Given the above analysis, the trade-off of quantity and quality exists in the two structure of EV charger firm. In the development process of the EV chargers, it is best to meet the increasing charging demand in quantity and ensure the quality of the EV charger. How can these two structures be improved to achieve an ideal situation? Due to the limitation of capital of the enterprise in the company-owned structure, the number of EV chargers is inevitably limited. Therefore, we can try to improve the supervision technology in the franchised structure to fully use the advantages of the franchised structure to ensure that the total number of EV chargers can grow rapidly and EV charger quality can be improved. The main reason for the poor quality of the franchised EV chargers is the free rider problem, so if the supervision mode can be improved, the free rider problem can be reduced or even eliminated, and the quality of the franchised EV charger can be improved.

Assuming that information technology improves, the headquarters can determine the security management level of each franchised EV charger. Then, the security quality reputation of each franchised charging station will depend on its own security management level, and not the average of all franchisees. Then, the franchisee’s problem becomes:

$$\underset{{e}_{i}}{\mathrm{max}}u=u\left(\left(1-p\right)Rg\left({e}_{i}\right)+\left(1-p\right)\theta -c\left({e}_{i}\right)\right)$$

Each franchisee’s optimal safety management effort level satisfies the condition:

$$\left(1-p\right)R{g}^{\prime}\left({e}_{f}^{\prime}\right)=c\prime \left({e}_{f}^{\prime}\right)$$

Compared with the company-owned structure, ${e}_{f}^{\prime}>{e}_{f}$ because franchisees cannot be free riders. In addition, when $p$ is small, such as $1-p>s$, i.e., $p<1-s$, we obtain ${e}_{f}^{\prime}>{e}_{d}$. This occurs because there is no agency problem between the franchised EV charger enterprise and the single EV charger manager. In contrast, the franchised EV charger has ownership and autonomy. Next, the enterprise selects the optimal number of franchised EV chargers under the optimal effort level of the franchisees. That is,

$$\underset{n}{\mathrm{max}}E{\pi}_{2}=nQg({e}_{f}^{\prime})-d\left(n\right)$$

The optimal total number satisfies $Q{g}^{\prime}\left({e}_{f}^{\prime}\right)={d}^{\prime}\left(n\right)$. As ${e}_{f}^{\prime}>{e}_{f}$, the optimal number of franchised EV chargers at this time is greater than before, i.e., ${n}_{f}^{\prime}>{n}_{f}$. Therefore, after the technical improvement of the franchised structure, the quality and quantity can be simultaneously improved.

Figure 10 shows that the total number of EV chargers decreases when the monitoring cost parameter increased. The total number of franchised chargers was larger than that in the company-owned structure, which is consistent with Figure 3. Figure 11 shows how the quality of EV chargers in the two structures changes as the quality management cost parameter increases after improving the supervision technology. The quality of chargers is negatively correlated with management cost parameter as proposed by Lemmas 1 and 3. However, the quality of franchised chargers is always higher that the company-owned ones, which is consistent with our conclusions after supervision technology was improved in the franchised structure.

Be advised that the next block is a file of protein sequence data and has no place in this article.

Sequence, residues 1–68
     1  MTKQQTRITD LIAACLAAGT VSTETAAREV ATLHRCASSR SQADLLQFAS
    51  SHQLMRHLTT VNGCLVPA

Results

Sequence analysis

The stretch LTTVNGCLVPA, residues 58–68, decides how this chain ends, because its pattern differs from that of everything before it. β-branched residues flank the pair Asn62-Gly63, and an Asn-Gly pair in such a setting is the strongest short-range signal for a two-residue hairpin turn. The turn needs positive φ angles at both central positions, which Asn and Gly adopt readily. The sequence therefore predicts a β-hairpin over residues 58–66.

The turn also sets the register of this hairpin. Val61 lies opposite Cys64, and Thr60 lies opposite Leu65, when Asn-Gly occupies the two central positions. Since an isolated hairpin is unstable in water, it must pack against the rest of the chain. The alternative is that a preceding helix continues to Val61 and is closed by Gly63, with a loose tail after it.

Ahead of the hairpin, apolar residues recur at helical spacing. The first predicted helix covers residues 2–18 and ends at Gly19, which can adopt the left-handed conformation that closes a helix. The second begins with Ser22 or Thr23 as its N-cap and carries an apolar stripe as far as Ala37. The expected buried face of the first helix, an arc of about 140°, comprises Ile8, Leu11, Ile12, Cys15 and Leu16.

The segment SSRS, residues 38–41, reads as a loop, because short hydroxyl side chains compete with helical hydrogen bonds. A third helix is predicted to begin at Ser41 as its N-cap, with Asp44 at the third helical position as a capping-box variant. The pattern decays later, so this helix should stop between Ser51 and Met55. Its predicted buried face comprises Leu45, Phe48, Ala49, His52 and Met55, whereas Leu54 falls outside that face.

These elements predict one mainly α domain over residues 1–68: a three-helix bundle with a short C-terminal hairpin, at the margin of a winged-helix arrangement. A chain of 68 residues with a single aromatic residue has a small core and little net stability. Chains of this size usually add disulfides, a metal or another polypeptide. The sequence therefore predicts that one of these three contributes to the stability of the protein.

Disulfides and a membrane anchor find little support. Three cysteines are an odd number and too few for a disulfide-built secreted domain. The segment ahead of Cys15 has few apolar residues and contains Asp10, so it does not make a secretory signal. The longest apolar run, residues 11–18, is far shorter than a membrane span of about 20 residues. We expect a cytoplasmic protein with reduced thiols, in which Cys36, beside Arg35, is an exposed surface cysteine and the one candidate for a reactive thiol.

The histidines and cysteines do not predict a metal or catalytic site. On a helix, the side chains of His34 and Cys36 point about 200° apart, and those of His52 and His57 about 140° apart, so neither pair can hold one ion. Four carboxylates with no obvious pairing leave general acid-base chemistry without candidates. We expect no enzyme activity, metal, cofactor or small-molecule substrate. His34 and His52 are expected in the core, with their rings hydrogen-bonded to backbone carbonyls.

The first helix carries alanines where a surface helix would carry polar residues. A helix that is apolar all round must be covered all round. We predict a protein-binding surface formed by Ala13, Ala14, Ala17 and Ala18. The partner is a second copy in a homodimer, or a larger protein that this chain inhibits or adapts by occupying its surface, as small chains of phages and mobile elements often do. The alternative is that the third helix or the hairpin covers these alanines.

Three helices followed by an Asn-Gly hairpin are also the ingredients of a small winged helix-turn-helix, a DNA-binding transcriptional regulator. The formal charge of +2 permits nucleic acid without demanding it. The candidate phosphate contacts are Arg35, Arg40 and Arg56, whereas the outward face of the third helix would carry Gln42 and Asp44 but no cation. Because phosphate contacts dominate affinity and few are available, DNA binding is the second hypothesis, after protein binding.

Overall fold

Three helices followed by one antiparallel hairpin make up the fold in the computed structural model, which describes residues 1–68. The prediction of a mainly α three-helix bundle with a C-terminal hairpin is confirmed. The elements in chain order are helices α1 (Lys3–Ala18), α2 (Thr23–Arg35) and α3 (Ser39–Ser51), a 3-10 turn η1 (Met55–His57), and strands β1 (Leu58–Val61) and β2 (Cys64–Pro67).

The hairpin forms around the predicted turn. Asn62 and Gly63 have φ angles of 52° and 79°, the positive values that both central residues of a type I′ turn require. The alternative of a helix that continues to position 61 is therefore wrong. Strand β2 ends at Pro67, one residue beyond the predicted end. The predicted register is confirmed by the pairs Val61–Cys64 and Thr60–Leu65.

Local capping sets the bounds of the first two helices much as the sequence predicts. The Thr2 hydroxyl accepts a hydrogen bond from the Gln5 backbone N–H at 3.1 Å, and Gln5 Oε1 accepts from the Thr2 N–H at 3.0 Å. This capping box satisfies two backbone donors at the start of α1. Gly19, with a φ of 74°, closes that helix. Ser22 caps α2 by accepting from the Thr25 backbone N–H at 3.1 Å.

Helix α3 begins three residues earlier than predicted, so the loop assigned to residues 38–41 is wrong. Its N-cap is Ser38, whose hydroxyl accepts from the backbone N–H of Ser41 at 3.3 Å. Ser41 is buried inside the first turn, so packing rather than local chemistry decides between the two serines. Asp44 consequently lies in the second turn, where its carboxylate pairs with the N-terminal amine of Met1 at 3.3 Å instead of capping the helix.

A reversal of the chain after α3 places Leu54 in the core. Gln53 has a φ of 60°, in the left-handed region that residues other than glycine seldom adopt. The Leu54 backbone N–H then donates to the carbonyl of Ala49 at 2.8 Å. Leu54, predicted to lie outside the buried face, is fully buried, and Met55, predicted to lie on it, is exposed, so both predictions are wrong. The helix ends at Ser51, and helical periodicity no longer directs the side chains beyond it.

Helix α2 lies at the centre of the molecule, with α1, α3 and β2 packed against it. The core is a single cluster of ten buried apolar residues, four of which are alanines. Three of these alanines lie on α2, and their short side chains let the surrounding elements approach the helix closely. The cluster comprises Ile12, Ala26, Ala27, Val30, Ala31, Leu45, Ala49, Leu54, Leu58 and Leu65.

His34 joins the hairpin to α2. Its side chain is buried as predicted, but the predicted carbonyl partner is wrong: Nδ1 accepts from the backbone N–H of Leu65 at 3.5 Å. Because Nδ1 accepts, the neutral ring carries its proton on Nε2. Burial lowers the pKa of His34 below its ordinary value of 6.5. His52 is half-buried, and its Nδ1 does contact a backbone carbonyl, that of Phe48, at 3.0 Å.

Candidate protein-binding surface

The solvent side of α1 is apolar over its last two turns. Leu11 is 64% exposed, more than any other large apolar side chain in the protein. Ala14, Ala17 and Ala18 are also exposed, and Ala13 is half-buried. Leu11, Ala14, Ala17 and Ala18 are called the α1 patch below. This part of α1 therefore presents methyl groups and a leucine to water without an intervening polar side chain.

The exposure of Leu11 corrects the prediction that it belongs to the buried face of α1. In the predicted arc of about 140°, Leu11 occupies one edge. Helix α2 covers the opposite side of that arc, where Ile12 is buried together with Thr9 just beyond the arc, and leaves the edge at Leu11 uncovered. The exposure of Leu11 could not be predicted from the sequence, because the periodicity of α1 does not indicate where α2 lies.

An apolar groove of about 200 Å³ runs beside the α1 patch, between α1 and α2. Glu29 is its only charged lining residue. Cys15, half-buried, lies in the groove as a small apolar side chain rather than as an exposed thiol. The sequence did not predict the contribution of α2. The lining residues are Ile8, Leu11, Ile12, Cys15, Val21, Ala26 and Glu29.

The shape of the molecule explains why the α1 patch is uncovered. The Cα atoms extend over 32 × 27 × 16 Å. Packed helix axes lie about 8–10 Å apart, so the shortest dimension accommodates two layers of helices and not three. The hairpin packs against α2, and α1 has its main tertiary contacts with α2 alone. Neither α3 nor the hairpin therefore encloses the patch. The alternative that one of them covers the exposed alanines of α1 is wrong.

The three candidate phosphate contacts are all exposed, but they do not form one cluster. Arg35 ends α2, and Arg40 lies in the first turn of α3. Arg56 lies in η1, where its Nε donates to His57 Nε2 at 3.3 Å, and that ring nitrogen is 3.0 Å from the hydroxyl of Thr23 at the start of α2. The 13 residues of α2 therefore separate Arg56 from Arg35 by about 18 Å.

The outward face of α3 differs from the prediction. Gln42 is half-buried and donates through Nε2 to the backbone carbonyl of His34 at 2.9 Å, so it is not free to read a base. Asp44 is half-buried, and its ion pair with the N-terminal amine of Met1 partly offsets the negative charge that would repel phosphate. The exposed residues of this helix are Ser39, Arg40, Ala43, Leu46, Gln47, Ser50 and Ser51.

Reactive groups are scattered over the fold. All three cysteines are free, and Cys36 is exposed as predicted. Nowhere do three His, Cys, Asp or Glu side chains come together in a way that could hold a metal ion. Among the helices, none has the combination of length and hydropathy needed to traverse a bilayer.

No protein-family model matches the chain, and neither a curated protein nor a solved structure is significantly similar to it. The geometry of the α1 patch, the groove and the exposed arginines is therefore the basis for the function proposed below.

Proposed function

#### 4.2. Further Research

Our theoretical model is a partial equilibrium model that only considers the optimal behaviors of the EV charger enterprise and the EV charger manager. It is a microeconomic model that analyzes the operation structure inside a firm. The principal agency problem and the free-riding problem in the EV charger enterprise are key problems that decide the quantity and quality of EV chargers. The outcomes of these problems are affected by environmental factors, which differ at different stages of the development. Therefore, based on our principal agency model, we discussed the optimal quantity and quality of EV chargers and the affected factors using comparative statics and simulations to find the optimal structure choice in different situations. There are several interesting topics that can be researched in the future. First, these affected factors only include the operation and supervision costs and the investment return, which are supply side factors. We did not consider the factors on the demand side, such as the user behavior. We will add consumer behavior into our model and try to set up a general equilibrium model, and discuss the general equilibrium quantity and quality in future research. Second, some transportation factors, such as traffic planning, spatial availability for grid connection, and usability functions for the charging infrastructure/charging facilities ratio, can be added to the existing model to examine how these transportation factors affect the performance of the two operation structures. Finally, the contract between the EV charger enterprise and the manager may be dynamic and apply to multiple periods, so we can expand our model into a dynamic model to investigate the effect of timeframes for contractual obligations.